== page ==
Independent 17th Feb 2016 read more »
Mirror 17th Feb 2016 read more »
Telegraph 17th Feb 2016 read more »
RWE is set to announce details of a ‘comprehensive restructure’ of Npower next month, as it seeks to cut costs across the business by €2.5 billion by 2018. The German energy giant is overhauling its global business, with an Eon-style split of traditional generation from supply, grid and renewables operations announced at the end of last year. It has already exceeded its own incremental cost cutting targets, and has now raised the total target by €500 million to €2.5 billion.
Utility Week 17th Feb 2016 read more »
Catherine Mitchell: Exploring German governance issues – informed by GB and US experiences.
IGov 17th Feb 2016 read more »
US – radwaste
February 2016 marks two years since the underground fire and radiological release events forced the temporary closure of the Department of Energy’s (DOE) Waste Isolation Pilot Plant (WIPP), near Carlsbad, New Mexico. Since that time much progress has been made in the recovery of the underground including mine stability and habitability, initial panel closure, radiological risk remediation and the addition of an interim ventilation system. Additionally, in response to investigations from the Accident Investigation Boards (AIB), the site has made significant changes to all safety management programs and is in the process of revising the Documented Safety Analysis (DSA) that establishes the safety envelope for all activities on the WIPP site.
Cumbria Trust 18th Feb 2016 read more »
Rapidly decomposing waste 60 feet to 200 feet down is smoldering beneath one of the landfills in what scientists call a sub-surface burning event. The underground burn is only a few thousand feet from a Superfund site filled with waste from the World War II-era Manhattan Project, the federal government’s ultimately successful effort to build an atomic bomb. The Superfund site is managed by the Environmental Protection Agency, which neighbors and state officials say has done little to stop the burn from reaching the radioactive waste.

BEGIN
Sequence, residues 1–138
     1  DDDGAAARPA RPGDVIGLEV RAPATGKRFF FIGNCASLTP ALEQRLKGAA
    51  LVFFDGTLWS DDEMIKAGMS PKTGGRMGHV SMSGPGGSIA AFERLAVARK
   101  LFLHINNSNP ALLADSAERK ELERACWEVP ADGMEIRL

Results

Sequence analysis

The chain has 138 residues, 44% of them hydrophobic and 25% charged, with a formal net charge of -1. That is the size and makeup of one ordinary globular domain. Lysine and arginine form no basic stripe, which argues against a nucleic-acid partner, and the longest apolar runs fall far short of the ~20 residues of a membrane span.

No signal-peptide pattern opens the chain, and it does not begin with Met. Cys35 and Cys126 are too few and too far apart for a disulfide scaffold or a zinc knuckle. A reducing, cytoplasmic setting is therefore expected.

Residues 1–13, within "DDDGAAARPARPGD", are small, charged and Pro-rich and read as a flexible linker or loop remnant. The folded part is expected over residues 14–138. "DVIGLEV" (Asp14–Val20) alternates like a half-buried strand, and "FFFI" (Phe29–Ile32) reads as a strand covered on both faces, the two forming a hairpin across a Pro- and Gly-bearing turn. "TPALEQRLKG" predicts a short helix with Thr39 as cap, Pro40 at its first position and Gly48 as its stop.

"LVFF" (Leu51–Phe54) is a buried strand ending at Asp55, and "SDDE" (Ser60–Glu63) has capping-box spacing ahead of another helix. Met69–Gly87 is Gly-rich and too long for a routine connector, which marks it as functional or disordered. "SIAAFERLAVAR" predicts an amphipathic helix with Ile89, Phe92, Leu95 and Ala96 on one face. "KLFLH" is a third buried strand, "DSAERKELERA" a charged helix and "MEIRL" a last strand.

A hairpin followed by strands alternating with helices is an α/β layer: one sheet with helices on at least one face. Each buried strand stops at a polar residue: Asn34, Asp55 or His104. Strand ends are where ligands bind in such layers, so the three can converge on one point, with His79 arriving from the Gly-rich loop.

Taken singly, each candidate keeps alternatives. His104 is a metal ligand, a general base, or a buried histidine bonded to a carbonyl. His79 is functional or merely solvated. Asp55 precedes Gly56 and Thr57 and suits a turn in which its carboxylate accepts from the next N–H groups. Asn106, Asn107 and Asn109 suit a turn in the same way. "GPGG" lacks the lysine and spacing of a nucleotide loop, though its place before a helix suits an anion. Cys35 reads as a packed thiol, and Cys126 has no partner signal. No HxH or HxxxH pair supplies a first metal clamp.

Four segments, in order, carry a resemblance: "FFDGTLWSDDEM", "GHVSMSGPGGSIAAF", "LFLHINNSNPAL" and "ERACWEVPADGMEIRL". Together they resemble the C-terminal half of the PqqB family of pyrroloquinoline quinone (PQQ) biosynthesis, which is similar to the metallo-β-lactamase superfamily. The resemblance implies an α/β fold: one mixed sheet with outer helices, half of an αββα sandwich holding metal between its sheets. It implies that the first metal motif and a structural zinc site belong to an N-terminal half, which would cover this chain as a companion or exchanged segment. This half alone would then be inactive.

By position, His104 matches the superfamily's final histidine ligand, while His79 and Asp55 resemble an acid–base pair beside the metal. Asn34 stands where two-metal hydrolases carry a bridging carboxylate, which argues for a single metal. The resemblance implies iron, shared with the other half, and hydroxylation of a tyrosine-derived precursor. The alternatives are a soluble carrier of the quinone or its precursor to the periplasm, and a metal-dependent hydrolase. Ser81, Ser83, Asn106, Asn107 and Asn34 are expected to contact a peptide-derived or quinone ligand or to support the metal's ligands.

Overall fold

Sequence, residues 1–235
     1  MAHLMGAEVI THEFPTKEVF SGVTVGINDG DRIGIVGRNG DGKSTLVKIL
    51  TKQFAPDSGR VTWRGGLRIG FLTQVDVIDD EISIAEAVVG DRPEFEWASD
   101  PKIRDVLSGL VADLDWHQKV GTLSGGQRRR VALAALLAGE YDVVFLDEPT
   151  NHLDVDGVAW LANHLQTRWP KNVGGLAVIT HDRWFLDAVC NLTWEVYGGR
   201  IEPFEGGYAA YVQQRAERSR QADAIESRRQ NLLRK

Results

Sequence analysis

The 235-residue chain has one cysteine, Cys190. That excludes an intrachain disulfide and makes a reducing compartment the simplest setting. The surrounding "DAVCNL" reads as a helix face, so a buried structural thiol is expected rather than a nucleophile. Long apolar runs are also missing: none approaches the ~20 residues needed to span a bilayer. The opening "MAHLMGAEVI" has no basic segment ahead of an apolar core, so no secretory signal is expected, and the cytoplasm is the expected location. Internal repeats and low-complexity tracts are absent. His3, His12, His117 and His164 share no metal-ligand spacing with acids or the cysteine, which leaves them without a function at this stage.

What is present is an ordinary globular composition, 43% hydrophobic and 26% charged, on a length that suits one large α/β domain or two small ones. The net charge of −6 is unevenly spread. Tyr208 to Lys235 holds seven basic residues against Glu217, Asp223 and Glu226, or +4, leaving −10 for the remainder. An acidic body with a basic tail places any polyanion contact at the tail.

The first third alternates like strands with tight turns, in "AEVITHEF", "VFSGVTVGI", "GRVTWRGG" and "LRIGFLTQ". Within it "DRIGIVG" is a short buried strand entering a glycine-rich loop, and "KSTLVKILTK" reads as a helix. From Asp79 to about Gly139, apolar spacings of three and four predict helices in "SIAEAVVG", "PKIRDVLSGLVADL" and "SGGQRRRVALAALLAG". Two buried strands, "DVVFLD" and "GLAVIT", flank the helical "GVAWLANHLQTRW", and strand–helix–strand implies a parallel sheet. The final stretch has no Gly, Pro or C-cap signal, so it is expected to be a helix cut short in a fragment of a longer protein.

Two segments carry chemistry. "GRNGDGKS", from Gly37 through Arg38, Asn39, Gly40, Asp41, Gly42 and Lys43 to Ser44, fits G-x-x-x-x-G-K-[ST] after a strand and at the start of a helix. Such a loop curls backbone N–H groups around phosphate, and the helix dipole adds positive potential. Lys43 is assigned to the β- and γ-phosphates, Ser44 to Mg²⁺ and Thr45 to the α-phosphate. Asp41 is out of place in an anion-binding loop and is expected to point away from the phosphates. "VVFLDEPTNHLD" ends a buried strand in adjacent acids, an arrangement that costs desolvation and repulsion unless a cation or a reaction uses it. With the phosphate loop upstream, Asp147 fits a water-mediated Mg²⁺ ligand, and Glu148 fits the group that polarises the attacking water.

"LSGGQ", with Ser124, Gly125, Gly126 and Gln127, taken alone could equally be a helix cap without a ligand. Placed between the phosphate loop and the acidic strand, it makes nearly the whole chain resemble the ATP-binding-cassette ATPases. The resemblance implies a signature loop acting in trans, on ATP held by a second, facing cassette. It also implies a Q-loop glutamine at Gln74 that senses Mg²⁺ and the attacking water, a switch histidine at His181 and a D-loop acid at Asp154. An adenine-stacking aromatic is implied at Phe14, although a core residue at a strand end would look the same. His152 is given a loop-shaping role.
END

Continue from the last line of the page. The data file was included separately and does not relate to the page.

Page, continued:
Washington Post 16th Feb 2016 read more »
Weapons plutonium is riskier above ground.
Nature 18th Feb 2016 read more »
Japan – Fast Reactor
The cost of decommissioning a nuclear reactor that was once seen as the crown jewel in Japan’s atomic energy programme has been put at an eye-watering 300 billion yen (HK$20.5 billion). That estimate for shutting down the Monju power plant was drawn up by the Japan Atomic Energy Agency in 2012, a year after the accident at the Fukushima Daiichi nuclear plant, but has only now been revealed by the Mainichi newspaper. The fate of Monju – which means wisdom in Japanese – has been up in the air since long before the Fukushima crisis due to a series of accidents at the plant, with many in the industry and the government tacitly accepting that it will never again be put into operation.
South China Morning Post 17th Feb 2016 read more »
OKG AB has confirmed that unit 1 of the Oskarshamn nuclear power plant in Sweden will close in 2017. Last year it announced the reactor would be shut down between 2017 and 2019.
World Nuclear News 17th Feb 2016 read more »
China is considering the construction of offshore nuclear power plants. The country will conduct a ‘careful and scientific’ feasibility review before it makes the decision, said Xu Dazhe, director of the China Atomic Energy Authority, at a recent press conference.
Modern Power Systems 17th Feb 2016 read more »
Seismologists have warned that North Korea’s repeated nuclear tests could cause Mount Paekdu to erupt – and they add that one of the volcano’s previous eruptions was “one of the largest explosive events in human history”.